By Stephanie Stahl

By Stephanie Stahl

PHILADELPHIA (CBS) — The measles outbreak is still focused on the west coast, but there are two unrelated cases locally. Today, the Pennsylvania Medical Society is reminding everyone about the dangers of not being vaccinated. Health reporter Stephanie Stahl has the update.

READ MORE: Philadelphia Weather: Chance For Strong To Severe Storms On Tuesday, Damaging Winds

With measles fear spreading, some pediatricians are now refusing to see children who haven’t been immunized. “We didn’t want to spread measles in the waiting room,” explains Pediatrician Nelson Branco.

The measles outbreak is still mainly on the west coast, but there is a confirmed case in Pennsylvania, Cumberland County and one in New Castle County, Delaware – neither is related to California.  Parent Judy Garnett says, “It’s irresponsible not to have kids vaccinated.”

The people who’ve recently contracted measles have not been vaccinated. While most schools require children to be immunized, there are exceptions. CDC numbers show PA has an 87 percent kindergarten vaccination rate, which ranks in the bottom five in the nation. Some feel the vaccine is dangerous.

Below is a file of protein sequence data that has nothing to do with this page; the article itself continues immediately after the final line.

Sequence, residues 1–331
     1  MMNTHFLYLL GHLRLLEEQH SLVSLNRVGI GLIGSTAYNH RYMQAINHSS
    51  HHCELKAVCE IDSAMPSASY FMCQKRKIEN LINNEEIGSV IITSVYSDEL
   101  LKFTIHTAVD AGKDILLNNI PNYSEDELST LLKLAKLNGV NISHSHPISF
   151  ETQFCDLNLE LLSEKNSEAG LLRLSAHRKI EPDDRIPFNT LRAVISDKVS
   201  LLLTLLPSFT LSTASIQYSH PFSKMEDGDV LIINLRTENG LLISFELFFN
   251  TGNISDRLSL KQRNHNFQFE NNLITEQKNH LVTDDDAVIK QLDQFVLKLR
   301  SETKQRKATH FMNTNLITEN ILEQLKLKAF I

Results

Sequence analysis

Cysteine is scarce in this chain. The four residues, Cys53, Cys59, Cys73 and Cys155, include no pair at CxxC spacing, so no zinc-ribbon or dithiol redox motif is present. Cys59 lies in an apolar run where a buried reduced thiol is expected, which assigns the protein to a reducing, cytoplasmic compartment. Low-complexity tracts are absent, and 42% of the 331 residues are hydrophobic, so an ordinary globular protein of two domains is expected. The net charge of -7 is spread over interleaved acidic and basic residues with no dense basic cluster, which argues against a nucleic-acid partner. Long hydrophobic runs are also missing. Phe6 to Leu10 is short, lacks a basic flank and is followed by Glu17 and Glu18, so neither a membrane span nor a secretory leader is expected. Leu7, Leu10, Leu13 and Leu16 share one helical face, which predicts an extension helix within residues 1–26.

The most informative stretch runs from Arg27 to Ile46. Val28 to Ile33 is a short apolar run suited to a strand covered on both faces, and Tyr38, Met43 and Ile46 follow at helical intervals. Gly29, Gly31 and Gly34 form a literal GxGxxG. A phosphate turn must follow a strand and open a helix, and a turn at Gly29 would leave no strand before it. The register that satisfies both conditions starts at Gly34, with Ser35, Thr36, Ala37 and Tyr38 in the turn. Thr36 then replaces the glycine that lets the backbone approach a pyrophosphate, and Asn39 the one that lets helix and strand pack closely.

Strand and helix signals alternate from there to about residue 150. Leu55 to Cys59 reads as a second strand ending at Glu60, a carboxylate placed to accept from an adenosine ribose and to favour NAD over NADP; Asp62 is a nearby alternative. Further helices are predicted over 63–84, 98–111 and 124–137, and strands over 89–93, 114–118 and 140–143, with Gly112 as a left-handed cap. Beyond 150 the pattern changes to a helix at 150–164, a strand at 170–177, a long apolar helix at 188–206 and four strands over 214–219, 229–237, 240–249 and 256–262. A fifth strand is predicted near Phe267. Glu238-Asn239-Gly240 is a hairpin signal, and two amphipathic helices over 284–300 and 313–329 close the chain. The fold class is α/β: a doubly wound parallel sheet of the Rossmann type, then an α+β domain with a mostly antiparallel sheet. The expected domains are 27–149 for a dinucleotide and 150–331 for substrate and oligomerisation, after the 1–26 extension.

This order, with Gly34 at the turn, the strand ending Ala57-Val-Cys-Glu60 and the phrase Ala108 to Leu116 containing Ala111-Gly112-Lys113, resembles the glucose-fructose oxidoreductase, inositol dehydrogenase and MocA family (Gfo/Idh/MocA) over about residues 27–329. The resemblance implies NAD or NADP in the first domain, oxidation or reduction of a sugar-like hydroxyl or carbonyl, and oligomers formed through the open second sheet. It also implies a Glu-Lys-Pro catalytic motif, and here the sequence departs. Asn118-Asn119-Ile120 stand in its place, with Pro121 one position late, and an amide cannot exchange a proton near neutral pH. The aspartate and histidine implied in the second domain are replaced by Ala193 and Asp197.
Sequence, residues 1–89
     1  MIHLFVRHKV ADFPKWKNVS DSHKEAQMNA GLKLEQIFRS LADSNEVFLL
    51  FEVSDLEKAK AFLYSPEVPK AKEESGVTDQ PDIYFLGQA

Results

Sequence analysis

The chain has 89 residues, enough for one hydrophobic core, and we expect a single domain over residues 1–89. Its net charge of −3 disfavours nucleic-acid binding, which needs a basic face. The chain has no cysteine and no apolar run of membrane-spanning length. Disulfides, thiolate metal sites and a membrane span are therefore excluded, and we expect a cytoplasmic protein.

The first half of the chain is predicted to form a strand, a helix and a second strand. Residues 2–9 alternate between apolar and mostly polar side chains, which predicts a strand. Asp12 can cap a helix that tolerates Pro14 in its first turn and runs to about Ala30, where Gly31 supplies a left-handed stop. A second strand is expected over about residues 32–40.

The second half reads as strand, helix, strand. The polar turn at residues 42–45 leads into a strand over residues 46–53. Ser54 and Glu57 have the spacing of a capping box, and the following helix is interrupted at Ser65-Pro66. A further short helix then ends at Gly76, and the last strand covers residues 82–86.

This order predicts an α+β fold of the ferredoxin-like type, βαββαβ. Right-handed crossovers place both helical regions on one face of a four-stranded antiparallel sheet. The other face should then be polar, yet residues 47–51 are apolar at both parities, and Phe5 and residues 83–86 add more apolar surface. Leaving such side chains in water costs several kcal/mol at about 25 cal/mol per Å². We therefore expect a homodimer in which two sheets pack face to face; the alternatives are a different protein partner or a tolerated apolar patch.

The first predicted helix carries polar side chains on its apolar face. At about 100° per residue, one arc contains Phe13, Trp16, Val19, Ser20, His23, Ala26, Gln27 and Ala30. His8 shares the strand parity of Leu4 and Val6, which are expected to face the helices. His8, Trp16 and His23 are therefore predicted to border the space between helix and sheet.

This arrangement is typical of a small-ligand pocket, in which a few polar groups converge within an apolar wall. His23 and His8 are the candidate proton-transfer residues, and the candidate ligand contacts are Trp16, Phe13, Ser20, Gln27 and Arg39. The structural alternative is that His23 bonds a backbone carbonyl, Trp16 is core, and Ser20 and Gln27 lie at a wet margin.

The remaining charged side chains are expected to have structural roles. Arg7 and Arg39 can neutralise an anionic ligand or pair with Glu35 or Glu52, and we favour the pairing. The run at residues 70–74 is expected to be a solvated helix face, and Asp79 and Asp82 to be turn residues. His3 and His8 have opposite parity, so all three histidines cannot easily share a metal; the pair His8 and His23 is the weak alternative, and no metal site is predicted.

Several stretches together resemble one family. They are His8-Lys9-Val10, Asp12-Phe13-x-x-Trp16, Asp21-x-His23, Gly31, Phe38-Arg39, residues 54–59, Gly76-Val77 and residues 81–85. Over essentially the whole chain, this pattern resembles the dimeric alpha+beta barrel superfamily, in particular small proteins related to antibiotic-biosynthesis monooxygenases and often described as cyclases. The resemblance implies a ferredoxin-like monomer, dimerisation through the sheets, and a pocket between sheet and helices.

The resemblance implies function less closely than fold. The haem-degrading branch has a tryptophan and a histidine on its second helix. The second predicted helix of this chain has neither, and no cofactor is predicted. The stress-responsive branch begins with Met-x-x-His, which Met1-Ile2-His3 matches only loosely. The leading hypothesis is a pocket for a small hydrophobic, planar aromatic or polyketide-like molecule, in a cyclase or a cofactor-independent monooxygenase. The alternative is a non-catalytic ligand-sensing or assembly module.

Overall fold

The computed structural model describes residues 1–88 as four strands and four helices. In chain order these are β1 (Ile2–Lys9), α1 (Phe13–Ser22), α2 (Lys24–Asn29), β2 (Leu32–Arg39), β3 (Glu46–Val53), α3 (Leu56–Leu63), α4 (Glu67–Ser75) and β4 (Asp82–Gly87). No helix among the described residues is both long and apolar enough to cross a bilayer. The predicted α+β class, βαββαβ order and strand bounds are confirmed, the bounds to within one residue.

READ MORE: EXCLUSIVE VIDEO: Large Group Of Noisy Dirt Bikes, ATVs Take Over Radnor Streets

Dr. Stephen Aronoff, the chair of pediatrics at Temple Univ. School of Medicine says, “There is no association that has been demonstrated in the medical literature and large studies that shows an association between autism and any vaccine. That’s largely been discounted.”  Dr. Aronoff says MMR vaccine that covers measles has been proven to be safe and effective.

He says politicians, like New Jersey Gov. Christie, have caused unfortunate confusion by first saying parents should have a choice, which was followed by a clarification from his office saying children should be vaccinated. “I usually don’t go to politicians for my medical advice,”  Dr. Aronoff said.

The national average of children in kindergarten who’ve received the MMR vaccine is just under 95 percent. That’s the rate in New Jersey. Delaware’s number is 96 percent.

Experts say part of the reason Pennsylvania’s number is so much lower is the large Amish population, which generally doesn’t believe in vaccinations. In Lancaster County, that has a big Amish population, there’s only a 77 percent vaccination rate.

MORE NEWS: Philadelphia School District Superintendent Dr. William Hite Will Not Seek Contract Renewal After School Year

For more information, visit: http://www.cdc.gov/measles/

Stephanie Stahl